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Cabinet defers proposal on NRIs' voting rights

For overseas Indians, the Representation of the People Act needs to be amended to include a postal ballot and proxy voting as other ways to cast their votes.

Published: 24th January 2017 04:21 PM  |   Last Updated: 24th January 2017 11:05 PM   |  A+A-

By Express News Service

NEW DELHI: The Union Cabinet is learnt to have deferred a proposal to extend the facility of voting by electronic means and proxy to overseas Indians by amending electoral laws.

Meanwhile, Chief Election Commissioner Nasim Zaidi said on Tuesday that holding simultaneous polls to Lok Sabha and state Assemblies will require Constitutional amendment and additional resources.

Government sources said the proposal to amend the Representation of the People Act was part of the Cabinet's agenda which met this morning. But, it was deferred.  The reasons behind deferring the proposal were not immediately known. 

Service personnel, including those serving in the armed forces, have already been extended the facility of receiving their postal ballots through electronic means by amending rules. They already have the option to cast their votes through proxy.  For overseas Indians, the Representation of the People Act needs to be amended to include postal ballot and proxy voting as other ways to cast their votes.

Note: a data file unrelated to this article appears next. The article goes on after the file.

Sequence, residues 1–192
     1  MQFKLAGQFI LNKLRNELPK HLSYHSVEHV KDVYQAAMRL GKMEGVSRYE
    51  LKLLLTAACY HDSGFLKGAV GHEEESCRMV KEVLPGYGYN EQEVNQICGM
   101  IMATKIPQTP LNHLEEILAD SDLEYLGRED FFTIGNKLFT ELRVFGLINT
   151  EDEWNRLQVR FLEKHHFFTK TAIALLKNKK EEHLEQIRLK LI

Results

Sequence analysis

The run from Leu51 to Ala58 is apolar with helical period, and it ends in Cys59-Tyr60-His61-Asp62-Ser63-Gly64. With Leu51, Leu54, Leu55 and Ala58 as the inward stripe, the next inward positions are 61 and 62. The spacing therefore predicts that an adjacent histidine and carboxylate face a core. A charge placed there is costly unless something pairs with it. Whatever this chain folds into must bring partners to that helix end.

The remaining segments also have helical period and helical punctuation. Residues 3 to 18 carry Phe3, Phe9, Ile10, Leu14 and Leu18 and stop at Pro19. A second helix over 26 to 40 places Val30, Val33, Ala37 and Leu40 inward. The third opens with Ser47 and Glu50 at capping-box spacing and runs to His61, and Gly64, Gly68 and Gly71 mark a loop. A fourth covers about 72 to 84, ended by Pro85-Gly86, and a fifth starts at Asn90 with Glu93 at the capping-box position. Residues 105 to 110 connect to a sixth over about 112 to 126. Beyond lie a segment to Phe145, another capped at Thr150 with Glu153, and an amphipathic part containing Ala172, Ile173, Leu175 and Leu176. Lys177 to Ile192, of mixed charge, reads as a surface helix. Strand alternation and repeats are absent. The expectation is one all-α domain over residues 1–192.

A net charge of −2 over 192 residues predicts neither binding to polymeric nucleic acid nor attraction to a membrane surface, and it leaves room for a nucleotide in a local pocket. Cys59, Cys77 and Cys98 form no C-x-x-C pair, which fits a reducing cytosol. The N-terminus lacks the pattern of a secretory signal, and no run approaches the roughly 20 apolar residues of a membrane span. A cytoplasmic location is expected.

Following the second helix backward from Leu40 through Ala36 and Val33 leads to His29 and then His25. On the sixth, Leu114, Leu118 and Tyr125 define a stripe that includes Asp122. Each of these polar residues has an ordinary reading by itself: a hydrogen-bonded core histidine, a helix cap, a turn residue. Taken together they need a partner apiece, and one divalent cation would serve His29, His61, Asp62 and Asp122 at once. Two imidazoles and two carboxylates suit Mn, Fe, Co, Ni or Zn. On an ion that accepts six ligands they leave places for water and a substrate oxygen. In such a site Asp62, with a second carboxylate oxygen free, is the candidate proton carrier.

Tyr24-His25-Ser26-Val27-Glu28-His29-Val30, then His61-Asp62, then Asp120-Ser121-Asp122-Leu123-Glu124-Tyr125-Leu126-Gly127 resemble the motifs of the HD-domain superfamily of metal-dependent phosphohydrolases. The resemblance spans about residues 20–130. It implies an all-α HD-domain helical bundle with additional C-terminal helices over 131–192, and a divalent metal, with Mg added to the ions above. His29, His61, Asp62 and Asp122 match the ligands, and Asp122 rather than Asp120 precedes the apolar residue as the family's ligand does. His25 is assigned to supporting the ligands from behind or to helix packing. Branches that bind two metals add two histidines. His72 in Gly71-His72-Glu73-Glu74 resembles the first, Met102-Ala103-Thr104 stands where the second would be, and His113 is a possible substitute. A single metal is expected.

Data shows that only 10,000 to 12,000 NRIs have voted because they do not want to spend foreign currency to come to the country and vote.  While NRIs and overseas Indians are free to cast their votes in constituencies where they are registered, as per the proposal, they would also be allowed to use the option of proxy, which as of now is only available to service personnel. 

Meanwhile, chief election commissioner Nasim Zaidi on Tuesday said that the Commission's view has already been conveyed to the Law Ministry as well as a parliamentary panel that proposal of holding simultaneous polls requires amendments in the Constitution through a process of "political consensus".

"The Commission, with certain additional resources, can undertake the exercise of (holding) simultaneous elections in future. But there are two pre-conditions.  "One, there should be an amendment in the Constitution through a process of political consensus and we will need some

additional resources in terms of electronic voting machines, etc," Zaidi said.

Zaidi was speaking at the sidelines of a seminar on "Strategies for Empowering Young and Future Voters" organized by the Election Commission of India on the eve of 7th National Voters Day.

Last year, the Election Commission supported the government's idea to hold simultaneous elections to Lok Sabha and state assemblies but made it clear that it will cost a lot and the Constitution will have to amended to curtail or extend the term of certain state assemblies.     



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